COMMENTARY

Head-to-Toe Skin Cancer Exam in Primary Care Does More Harm Than Good

Kenneth W. Lin, MD, MPH

Disclosures

November 17, 2022

Kenneth W. Lin, MD, MPH

Hi, everyone. I'm Dr Kenny Lin. I am a family physician and associate director of  the Lancaster General Hospital Family Medicine Residency, and I blog at Common Sense Family Doctor.

A significant portion of my practice consists of adult health maintenance visits. Acknowledging the never-ending debate about the value of general health checks in well persons, I still see these visits as opportunities to provide recommended immunizations, screening tests, and counseling on healthy lifestyle habits. I also perform a physical exam. Whether this exam should include a head-to-toe survey for skin cancer has long been uncertain.

The US Preventive Services Task Force (USPSTF) recently released a draft recommendation statement that reiterates previous assessments that there isn't enough evidence to judge whether screening for skin cancer in an average-risk patient without a history of cancer is beneficial. Nonetheless, many family physicians and general internists do full-body skin exams or refer patients to dermatologists to get them done. In the spirit of reevaluating established screening practices, I will make the case that skin cancer screening does more harm than good, so we should stop doing it.

Using data from the National Cancer Institute's Surveillance, Epidemiology, and End Results program, a research team demonstrated that the incidence of cutaneous melanoma has increased sixfold over the past 40 years, whereas the incidence of noncutaneous melanoma did not change. Sunburns and tanning beds can't explain this dramatic increase in skin cancers, they argued; instead, greater diagnostic scrutiny (more full-body skin exams), increasing use of skin biopsies, and falling pathologic thresholds for diagnosing melanoma are the most likely culprits. Because the melanoma mortality rate did not budge, it's likely that most of the additional skin cancers detected by screening did not require treatment and were overdiagnosed.

How can we conclude that more screening is driving more skin cancer diagnoses rather than some environmental risk factor? Several years ago, a national study found a correlation between the density of primary care physicians and increased risk for melanoma diagnosis: "Per 100,000 people, an additional 10 PCPs per county was associated with 1.62 additional cases of melanoma per year." These additional melanomas were overwhelmingly early-stage, with no associations with later-stage melanoma or melanoma deaths. A recent cross-sectional study confirmed that melanoma incidence in US counties rises as the supply of primary care physicians and dermatologists increases, whereas proxies of exposure to ultraviolet radiation had no association with melanoma incidence.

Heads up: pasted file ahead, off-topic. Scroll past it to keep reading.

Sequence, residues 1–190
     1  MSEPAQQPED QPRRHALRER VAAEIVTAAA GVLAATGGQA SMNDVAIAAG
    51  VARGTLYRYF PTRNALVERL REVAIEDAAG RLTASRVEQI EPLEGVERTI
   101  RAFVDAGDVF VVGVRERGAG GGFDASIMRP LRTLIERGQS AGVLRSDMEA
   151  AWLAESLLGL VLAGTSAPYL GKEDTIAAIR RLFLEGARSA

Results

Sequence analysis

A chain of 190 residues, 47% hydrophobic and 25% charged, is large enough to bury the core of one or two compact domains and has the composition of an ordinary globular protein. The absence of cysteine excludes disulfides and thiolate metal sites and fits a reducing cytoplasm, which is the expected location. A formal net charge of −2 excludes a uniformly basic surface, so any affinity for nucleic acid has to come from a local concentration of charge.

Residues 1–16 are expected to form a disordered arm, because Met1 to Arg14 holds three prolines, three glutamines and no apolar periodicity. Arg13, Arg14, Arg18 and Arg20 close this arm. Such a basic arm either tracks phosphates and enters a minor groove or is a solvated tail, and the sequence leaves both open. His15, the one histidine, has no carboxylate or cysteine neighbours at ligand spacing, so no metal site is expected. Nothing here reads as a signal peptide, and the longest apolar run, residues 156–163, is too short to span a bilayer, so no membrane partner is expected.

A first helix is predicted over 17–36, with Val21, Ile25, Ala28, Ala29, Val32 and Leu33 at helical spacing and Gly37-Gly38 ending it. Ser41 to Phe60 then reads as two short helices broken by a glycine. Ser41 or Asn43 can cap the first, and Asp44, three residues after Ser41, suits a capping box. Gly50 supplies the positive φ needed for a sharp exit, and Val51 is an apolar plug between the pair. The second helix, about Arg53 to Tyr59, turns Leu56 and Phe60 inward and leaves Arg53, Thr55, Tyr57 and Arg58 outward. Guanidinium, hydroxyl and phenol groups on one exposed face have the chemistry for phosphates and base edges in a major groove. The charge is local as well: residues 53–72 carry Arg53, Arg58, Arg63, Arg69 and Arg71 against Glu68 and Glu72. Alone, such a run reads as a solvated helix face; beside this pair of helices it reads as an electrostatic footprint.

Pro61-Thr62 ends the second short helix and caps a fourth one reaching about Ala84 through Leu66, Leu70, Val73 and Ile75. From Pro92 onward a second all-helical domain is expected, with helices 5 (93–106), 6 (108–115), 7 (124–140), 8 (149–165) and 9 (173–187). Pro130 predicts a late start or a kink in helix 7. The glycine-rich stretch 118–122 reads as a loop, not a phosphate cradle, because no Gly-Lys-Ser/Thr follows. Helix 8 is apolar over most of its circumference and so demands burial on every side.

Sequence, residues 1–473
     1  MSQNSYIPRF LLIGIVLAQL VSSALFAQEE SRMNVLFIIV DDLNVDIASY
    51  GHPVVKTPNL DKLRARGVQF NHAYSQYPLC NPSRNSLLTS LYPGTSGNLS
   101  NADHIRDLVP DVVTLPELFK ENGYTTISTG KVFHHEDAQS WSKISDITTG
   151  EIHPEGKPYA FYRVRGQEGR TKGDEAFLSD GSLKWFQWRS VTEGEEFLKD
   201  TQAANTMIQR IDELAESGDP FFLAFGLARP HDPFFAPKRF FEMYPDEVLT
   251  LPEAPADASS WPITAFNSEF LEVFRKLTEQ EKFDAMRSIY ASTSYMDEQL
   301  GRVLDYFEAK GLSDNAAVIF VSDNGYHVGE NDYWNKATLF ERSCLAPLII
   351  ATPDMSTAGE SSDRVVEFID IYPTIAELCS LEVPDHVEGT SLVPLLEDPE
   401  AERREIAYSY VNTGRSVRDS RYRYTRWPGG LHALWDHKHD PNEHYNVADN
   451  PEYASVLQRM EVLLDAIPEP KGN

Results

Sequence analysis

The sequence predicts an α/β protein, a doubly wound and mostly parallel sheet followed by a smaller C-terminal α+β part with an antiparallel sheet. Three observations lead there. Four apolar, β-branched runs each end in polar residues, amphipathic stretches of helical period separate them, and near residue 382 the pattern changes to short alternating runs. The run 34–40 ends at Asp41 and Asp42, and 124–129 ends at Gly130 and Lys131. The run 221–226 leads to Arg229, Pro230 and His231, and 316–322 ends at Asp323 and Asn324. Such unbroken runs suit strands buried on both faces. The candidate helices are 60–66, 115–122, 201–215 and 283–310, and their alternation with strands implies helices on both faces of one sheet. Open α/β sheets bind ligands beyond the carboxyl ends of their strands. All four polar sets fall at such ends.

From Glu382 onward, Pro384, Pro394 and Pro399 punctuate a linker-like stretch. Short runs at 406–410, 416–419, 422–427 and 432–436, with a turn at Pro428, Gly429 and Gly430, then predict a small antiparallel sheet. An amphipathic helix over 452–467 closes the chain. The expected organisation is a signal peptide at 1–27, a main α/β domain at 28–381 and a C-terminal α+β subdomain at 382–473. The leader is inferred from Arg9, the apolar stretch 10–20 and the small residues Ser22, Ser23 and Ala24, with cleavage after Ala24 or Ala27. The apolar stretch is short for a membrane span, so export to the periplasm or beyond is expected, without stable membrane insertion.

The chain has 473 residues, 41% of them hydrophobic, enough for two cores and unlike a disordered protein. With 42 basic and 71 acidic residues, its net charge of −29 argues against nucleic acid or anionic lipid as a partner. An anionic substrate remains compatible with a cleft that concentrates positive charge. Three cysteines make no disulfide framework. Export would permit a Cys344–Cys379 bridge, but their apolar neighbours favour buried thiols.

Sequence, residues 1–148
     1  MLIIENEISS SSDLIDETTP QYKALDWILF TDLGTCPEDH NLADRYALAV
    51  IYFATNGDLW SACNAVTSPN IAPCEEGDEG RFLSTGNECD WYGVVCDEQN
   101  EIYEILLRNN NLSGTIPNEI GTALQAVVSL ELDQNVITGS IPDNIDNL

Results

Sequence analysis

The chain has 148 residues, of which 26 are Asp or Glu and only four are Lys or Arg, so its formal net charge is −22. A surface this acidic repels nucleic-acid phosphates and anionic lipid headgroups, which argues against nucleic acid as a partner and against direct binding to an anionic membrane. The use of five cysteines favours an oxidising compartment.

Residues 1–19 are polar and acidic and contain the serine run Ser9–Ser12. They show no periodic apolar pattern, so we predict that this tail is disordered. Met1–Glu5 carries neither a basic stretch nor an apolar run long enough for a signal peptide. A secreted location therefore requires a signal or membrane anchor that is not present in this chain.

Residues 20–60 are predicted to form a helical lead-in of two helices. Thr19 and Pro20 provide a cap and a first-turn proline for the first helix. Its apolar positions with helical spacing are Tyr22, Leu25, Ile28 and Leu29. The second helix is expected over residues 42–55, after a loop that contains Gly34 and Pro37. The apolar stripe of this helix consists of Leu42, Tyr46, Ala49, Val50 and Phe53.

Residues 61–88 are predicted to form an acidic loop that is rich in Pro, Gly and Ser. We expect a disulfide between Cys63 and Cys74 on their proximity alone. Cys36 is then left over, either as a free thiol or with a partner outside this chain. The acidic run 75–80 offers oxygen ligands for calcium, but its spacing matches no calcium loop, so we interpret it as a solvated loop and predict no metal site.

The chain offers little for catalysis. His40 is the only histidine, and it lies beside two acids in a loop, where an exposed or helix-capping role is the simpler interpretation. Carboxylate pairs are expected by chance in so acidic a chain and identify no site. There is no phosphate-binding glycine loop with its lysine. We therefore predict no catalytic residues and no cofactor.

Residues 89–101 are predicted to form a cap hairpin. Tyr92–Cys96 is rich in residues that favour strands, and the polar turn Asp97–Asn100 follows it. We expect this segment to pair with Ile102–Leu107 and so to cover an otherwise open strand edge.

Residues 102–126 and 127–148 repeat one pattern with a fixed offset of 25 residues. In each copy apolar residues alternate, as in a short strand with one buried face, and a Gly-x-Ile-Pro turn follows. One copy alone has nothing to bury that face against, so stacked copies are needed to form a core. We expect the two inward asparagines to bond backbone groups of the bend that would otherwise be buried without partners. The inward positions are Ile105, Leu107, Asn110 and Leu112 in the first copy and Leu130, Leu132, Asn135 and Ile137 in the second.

Granted, overdiagnosis occurs in screening for breast, lung, and prostate cancers too, and that doesn't mean those tests aren't worth doing if patients are adequately informed about this possible harm. Similarly, detecting "extra" melanomas through skin exams might be worthwhile if treating all of those early-stage lesions spared lives or lessened the morbidity associated with later-stage treatments. Unfortunately, the evidence suggests that doesn't happen. In a German study reviewed by the USPSTF, after the implementation of a national routine skin cancer screening program covered by health insurance, melanoma mortality went up, not down. Closer to home, a primary care-based skin cancer screening initiative at the University of Pittsburgh Medical Center found that after 5 years, screened patients were more likely to be diagnosed with thin melanomas but not less likely to be diagnosed with thicker ones, which an accompanying editorial observed is "a classic signature of overdiagnosis."

Don't misunderstand me: I am not encouraging my colleagues to disregard patients' concerns about changing moles or to look the other way if they happen to see a suspicious lesion in the process of performing a physical examination for other reasons. What I am saying is that the time it takes to do a thorough skin examination could be better spent on providing effective preventive services that do not subject patients to the inconvenience and risks of needless skin procedures.

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